Thirty-five people died in a stampede during New Year’s celebrations in Shanghai’s historic waterfront area, city officials said Thursday – the worst disaster to hit one of China’s showcase cities in recent years.
A Shanghai government statement said another 43 people were injured amid the chaos about a half-hour before midnight.
The official Xinhua News Agency quoted an unnamed witness as saying people had scrambled for coupons that looked like dollar bills that were being thrown out of a third-floor window. It said the cause of the stampede was still under investigation.
The deaths and injuries occurred at Chen Yi Square, which is in Shanghai’s popular riverfront Bund area, an avenue lined with art deco buildings from the 1920s and 1930s when Shanghai was home to international banks and trading houses. The area is often jammed with spectators for major events.
On Thursday morning, dozens of police officers were in the area and tourists continued to wander by the square, a small patch of grass dominated by a statue of Chen Yi, the city’s first Communist mayor.
Police stood guard at Shanghai No. 1 People’s Hospital, where many of the injured were being treated. Earlier, desperate relatives had tried to push past guards at a hospital, state media photos showed. Guards had to use a bench to hold them back.
CCTV America, the U.S. version of state broadcaster China Central Television, posted video of Shanghai streets after the stampede, showing piles of discarded shoes amid the debris.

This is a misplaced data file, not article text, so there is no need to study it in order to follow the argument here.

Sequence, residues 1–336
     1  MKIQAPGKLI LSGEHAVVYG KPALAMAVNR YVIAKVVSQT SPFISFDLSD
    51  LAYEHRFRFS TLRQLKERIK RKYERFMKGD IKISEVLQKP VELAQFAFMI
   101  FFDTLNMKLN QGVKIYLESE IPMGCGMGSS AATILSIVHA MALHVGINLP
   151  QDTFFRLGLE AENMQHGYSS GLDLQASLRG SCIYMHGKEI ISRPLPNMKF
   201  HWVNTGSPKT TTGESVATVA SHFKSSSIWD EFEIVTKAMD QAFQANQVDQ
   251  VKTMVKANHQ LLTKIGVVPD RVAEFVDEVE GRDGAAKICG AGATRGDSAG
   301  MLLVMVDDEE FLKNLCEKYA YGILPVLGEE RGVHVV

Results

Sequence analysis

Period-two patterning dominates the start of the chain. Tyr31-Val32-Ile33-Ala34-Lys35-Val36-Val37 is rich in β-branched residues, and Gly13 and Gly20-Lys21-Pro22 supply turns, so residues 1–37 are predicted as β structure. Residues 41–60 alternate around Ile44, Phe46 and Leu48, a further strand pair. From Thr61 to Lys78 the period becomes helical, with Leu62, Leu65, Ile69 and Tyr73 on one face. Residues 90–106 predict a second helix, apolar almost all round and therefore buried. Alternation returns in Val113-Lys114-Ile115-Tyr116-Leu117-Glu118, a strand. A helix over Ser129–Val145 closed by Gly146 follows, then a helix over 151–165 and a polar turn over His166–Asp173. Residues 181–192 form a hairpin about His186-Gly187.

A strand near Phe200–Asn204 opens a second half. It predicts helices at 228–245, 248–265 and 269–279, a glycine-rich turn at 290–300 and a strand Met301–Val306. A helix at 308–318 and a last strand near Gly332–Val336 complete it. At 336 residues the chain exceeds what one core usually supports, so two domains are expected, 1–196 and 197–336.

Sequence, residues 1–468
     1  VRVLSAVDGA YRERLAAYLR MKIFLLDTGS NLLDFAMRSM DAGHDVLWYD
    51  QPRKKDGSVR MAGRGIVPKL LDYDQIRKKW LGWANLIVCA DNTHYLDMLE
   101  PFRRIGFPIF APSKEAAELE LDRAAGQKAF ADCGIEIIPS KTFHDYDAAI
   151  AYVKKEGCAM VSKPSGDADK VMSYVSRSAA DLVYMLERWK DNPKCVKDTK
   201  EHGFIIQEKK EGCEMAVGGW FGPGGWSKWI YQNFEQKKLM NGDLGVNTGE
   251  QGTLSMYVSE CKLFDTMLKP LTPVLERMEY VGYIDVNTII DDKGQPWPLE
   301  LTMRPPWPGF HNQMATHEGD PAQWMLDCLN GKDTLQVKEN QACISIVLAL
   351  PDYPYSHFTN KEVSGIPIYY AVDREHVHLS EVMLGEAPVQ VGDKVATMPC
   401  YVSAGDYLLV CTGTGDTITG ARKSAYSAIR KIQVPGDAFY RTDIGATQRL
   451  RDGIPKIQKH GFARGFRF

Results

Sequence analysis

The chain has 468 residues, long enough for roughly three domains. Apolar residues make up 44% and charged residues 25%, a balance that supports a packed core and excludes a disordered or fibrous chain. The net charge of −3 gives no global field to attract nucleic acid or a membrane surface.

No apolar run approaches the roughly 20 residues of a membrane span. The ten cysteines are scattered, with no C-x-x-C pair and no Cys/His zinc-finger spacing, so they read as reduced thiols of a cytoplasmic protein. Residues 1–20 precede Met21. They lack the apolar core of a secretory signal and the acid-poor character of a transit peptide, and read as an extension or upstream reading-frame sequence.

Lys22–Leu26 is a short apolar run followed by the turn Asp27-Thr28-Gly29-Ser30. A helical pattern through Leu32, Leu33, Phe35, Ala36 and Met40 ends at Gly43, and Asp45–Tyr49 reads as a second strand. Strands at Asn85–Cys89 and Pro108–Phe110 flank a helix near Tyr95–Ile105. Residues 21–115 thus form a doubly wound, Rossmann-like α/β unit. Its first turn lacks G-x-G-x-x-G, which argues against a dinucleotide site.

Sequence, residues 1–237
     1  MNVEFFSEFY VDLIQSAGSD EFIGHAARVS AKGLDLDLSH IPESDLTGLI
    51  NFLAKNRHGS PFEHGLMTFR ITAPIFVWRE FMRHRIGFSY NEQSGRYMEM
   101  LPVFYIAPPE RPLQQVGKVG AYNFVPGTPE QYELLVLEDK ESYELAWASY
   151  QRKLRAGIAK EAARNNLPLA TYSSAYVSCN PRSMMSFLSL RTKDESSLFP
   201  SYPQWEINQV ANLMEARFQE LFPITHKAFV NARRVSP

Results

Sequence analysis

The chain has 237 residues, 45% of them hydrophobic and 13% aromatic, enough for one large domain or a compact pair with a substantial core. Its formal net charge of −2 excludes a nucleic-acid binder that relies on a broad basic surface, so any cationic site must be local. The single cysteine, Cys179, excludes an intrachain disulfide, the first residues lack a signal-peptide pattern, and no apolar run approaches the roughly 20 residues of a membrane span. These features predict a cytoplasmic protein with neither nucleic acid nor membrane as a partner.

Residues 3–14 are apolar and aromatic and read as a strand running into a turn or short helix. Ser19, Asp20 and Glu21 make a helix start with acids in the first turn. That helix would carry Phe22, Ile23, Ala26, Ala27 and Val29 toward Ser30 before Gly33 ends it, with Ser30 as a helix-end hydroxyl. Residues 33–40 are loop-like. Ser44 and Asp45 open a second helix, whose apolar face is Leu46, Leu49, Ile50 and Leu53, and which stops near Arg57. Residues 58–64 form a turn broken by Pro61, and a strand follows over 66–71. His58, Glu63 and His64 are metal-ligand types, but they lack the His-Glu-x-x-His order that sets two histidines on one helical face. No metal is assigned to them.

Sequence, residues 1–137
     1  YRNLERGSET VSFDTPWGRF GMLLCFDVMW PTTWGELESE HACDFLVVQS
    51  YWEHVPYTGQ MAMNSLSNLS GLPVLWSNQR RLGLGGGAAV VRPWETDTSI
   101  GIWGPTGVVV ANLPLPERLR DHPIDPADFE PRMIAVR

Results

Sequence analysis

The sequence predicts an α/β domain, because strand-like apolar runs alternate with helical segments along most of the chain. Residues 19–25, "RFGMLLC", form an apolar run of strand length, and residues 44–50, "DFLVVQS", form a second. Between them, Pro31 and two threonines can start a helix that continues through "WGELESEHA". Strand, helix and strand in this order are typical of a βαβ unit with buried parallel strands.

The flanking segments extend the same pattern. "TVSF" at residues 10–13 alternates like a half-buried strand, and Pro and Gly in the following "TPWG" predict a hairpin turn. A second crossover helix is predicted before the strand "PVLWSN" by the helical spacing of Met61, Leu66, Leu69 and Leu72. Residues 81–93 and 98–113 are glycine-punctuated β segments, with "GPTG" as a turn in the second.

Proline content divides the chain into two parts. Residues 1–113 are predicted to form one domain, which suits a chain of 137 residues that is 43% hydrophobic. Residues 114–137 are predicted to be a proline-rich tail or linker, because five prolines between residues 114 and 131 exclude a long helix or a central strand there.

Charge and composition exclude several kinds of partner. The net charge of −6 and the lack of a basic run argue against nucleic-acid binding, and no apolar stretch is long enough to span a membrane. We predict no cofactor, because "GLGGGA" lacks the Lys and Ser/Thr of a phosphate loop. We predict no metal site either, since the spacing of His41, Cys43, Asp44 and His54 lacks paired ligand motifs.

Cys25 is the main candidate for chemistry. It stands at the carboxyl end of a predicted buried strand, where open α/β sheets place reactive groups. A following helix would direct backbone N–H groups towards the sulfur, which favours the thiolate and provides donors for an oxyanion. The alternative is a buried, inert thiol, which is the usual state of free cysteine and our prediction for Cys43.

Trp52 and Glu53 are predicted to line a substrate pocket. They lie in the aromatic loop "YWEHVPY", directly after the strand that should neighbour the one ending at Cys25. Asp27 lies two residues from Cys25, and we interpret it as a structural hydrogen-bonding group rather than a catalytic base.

One photo from the scene shared by Xinhua showed at least one person doing chest compressions on a shirtless man while several other people lay on the ground nearby, amid debris. Another photo showed the area ringed by police.
“We were down the stairs and wanted to move up and those who were upstairs wanted to move down, so we were pushed down by the people coming from upstairs,” an injured man told Shanghai TV. “All those trying to move up fell down on the stairs.”
Last week, the English-language Shanghai Daily reported that the annual New Year’s Eve countdown on the Bund that normally attracts about 300,000 people had been cancelled, apparently because of crowd control issues. The report said a “toned-down” version of the event would be held instead but that it would not be open to the public.
The stampede appeared to be near that area.
“Some people have fallen,” Shanghai police soon warned on Weibo, a Twitter-like service, and they urged people to obey police and leave the scene without pushing.
The Shanghai city government released photos online showing the mayor hurrying into a local hospital to visit victims.
Meanwhile, Xinhua’s top story on its website was not the stampede but President Xi Jinping’s New Year’s message. Xinhua’s story in Chinese remained just two paragraphs long hours after the disaster.
The China Daily newspaper in February reported that the city’s population was more than 24 million at the end of 2013.
(Associated Press reporter Louise Watt contributed from Beijing.)
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